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BETHLEHEM, Pa. -- To help improve patient outcomes and enable healthcare providers to comply more rapidly with FDA recommendations concerning limiting exposure to DEHP, a plasticizer in some PVC-based devices, B. Braun Medical Inc. announced that more than 80 percent of its IV administration and medication pump sets are DEHP-free. In addition, 100 percent of its basic IV solution containers are DEHP-free. These numbers reflect a company-wide philosophy that innovation should also reflect high safety and environmental standards.
DEHP, listed by the State of California as a reproductive toxicant, can harm the normal development of the male reproductive system in premature neonates, toddlers and adolescent boys.1,2
Healthcare providers are encouraged by the FDA to avoid DEHP products where possible, especially in perinatal and neonatal care.3 B. Braun, a supplier of DEHP-free IV solution containers and infusion devices in the United States, provides clinicians and patients safer alternatives to DEHP-plasticized PVC intravenous medical products.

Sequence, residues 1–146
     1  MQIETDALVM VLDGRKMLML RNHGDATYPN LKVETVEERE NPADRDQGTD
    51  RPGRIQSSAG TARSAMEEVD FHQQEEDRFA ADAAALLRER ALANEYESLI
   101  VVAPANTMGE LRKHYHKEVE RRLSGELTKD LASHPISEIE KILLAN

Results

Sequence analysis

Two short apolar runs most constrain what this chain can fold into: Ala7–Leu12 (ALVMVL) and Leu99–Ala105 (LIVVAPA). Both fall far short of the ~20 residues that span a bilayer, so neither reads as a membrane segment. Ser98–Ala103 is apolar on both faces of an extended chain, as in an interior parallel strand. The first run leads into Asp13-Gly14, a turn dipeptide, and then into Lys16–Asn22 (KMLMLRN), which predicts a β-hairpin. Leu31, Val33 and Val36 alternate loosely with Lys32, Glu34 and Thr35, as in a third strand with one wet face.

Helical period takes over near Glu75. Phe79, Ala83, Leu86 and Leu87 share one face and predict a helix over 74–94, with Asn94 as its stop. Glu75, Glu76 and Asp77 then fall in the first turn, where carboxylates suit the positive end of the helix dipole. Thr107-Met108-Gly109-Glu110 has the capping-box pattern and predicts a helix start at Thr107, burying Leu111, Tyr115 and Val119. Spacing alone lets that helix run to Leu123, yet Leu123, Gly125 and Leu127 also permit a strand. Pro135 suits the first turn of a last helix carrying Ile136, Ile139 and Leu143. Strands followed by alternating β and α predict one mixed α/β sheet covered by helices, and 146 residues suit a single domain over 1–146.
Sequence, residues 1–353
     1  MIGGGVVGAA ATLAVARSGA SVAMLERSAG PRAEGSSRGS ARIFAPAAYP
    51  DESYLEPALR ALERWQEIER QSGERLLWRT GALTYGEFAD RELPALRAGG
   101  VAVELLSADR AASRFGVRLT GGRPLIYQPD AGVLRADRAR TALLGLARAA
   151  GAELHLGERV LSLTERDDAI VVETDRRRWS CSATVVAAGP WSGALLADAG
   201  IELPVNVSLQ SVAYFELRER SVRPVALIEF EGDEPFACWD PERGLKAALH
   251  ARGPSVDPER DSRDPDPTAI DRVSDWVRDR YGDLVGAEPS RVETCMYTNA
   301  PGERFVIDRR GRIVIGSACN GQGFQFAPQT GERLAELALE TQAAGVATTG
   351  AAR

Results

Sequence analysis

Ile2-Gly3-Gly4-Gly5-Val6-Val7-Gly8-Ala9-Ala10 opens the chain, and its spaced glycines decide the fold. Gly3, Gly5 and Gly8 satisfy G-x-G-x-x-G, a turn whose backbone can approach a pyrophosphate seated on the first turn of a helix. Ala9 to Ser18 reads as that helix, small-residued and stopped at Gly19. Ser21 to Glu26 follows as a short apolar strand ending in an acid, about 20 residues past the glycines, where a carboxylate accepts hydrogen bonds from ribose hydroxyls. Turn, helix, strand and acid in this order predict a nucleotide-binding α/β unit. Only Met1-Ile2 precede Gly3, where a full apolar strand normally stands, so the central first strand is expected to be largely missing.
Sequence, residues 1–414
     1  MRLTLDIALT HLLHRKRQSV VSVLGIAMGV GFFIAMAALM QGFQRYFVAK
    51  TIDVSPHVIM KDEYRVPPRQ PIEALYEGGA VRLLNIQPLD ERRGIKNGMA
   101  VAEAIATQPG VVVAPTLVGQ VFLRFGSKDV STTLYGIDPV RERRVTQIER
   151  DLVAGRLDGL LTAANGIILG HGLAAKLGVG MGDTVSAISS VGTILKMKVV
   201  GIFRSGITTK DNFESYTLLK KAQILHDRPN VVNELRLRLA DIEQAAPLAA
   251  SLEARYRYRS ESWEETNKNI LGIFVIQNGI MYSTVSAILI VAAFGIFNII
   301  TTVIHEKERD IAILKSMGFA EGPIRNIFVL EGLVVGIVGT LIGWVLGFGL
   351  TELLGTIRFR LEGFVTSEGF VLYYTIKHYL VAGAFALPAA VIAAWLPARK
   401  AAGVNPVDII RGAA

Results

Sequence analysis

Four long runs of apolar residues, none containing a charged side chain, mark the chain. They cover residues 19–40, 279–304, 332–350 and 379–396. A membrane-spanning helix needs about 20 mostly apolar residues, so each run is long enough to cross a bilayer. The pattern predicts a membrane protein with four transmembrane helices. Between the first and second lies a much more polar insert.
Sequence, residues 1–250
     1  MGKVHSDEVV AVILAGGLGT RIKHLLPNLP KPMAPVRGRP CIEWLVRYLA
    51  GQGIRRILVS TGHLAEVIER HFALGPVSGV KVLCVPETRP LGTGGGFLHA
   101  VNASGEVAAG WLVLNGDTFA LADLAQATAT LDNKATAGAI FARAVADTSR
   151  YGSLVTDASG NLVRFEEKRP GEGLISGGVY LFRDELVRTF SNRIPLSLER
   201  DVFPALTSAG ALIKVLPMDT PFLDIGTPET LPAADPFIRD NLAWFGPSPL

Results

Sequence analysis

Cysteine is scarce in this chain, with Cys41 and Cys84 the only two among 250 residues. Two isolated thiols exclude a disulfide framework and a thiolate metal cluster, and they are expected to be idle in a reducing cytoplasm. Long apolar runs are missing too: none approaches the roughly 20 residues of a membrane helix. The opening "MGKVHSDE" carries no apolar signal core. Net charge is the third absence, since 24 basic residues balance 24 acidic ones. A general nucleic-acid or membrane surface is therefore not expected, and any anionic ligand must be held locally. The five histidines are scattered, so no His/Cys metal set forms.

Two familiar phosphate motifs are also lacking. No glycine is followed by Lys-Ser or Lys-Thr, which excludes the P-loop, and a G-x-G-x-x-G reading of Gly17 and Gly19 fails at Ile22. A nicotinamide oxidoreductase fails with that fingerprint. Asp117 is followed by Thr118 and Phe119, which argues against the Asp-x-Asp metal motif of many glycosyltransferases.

Di(2-ethylhexyl)phthalate (DEHP) is a chemical compound used to make polyvinyl chloride (PVC) products, such as intravenous bags and tubing, soft and pliable.
We have made tremendous progress over the last decade and will continue to dedicate ourselves to providing our clinicians with the ability to administer 100 percent of their infusion therapy needs with devices that are DEHP and PVC free alternatives, said Greg Jones, director of marketing, IV systems for B. Braun Medical. Our goal is to help clinicians safely meet the needs of our smallest and most vulnerable patients, the preemies.
B. Braun, a provider of PVC-free, DEHP-free alternatives for basic parenteral solutions, has always manufactured its IV and nutrition solutions in PVC-free, DEHP-free containers. The polypropylene-based materials used to manufacture B. Braun EXCEL and PAB containers provide a safe and accurate means of administering IV medications without potential toxicity to the patient. In addition, B. Braun offers DEHP-free IV tubing, irrigation solutions, and parenteral nutrition solutions specifically formulated for neonatal and pediatric patients.
1. California Environmental Protection Agency Office of Environmental Health Hazard Assessment: Safe Drinking Water and Toxic Enforcement Act of 1986; Notice of Intent to List Chemicals, April 2003. 2. FDA: Safety Assessment of Di-(2-ethylhexyl) phthalate (DEHP) Released from Medical Devices, September 2001. 3. FDA Public Health Notification: PVC Devices Containing the Plasticizer DEHP, July 12, 2002
Source: B. Braun